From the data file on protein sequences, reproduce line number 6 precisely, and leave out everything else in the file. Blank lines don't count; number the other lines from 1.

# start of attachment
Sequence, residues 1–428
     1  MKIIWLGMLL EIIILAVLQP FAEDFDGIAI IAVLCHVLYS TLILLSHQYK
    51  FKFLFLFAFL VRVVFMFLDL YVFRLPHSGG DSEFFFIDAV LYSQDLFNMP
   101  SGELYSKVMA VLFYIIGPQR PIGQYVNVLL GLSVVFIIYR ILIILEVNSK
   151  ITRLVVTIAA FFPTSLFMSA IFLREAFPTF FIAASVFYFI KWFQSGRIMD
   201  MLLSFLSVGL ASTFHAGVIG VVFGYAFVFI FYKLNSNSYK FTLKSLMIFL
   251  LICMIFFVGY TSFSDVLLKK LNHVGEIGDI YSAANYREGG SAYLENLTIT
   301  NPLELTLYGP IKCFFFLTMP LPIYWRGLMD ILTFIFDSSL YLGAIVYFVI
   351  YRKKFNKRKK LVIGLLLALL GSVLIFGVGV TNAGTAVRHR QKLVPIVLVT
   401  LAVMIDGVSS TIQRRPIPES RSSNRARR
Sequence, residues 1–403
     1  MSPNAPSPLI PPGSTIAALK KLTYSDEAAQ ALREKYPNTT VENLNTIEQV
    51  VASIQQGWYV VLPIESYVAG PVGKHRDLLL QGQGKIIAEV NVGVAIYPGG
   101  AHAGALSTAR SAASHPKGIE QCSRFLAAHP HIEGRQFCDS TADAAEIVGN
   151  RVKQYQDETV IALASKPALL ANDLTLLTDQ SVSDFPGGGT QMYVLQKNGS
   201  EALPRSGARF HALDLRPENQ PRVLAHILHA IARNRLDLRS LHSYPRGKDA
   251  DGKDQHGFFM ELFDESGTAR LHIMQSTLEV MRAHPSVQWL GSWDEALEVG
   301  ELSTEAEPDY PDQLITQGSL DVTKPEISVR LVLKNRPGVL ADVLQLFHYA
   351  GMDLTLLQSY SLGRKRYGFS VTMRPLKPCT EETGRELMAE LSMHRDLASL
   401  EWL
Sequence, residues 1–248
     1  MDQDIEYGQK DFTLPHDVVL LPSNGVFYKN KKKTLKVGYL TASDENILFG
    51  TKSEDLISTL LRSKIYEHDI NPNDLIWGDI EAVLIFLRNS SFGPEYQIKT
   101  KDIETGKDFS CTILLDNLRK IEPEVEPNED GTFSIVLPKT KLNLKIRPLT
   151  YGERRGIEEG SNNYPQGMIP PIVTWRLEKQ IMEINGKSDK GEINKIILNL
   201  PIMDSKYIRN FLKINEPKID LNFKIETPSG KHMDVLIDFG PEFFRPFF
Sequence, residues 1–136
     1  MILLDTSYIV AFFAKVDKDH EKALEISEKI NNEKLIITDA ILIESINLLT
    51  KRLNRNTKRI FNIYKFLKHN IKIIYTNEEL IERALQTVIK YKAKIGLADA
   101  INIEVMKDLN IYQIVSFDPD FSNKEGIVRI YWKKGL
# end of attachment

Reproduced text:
   201  MLLSFLSVGL ASTFHAGVIG VVFGYAFVFI FYKLNSNSYK FTLKSLMIFL